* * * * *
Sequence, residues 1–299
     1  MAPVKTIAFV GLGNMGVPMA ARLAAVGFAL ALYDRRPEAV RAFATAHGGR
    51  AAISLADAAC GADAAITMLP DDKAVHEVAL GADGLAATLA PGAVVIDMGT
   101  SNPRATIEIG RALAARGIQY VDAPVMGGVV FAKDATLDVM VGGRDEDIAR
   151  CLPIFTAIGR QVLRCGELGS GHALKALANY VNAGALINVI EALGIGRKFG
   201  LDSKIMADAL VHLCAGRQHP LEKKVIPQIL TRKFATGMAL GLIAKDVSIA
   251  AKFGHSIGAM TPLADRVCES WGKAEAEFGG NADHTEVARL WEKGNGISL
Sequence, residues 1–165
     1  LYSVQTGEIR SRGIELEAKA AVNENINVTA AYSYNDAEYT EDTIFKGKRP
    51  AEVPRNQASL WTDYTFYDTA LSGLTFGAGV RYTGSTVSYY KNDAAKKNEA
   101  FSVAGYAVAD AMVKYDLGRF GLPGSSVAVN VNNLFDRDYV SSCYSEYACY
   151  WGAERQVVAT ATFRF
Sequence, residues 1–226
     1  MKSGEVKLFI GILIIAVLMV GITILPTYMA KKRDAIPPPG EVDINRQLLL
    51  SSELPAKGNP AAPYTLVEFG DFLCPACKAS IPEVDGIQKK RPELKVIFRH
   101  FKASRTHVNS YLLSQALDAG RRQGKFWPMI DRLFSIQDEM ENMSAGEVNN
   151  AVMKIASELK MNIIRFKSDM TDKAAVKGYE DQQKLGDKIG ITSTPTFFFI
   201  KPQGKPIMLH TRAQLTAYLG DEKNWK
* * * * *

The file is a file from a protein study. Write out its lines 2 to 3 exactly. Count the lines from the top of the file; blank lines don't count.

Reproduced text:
     1  MAPVKTIAFV GLGNMGVPMA ARLAAVGFAL ALYDRRPEAV RAFATAHGGR
    51  AAISLADAAC GADAAITMLP DDKAVHEVAL GADGLAATLA PGAVVIDMGT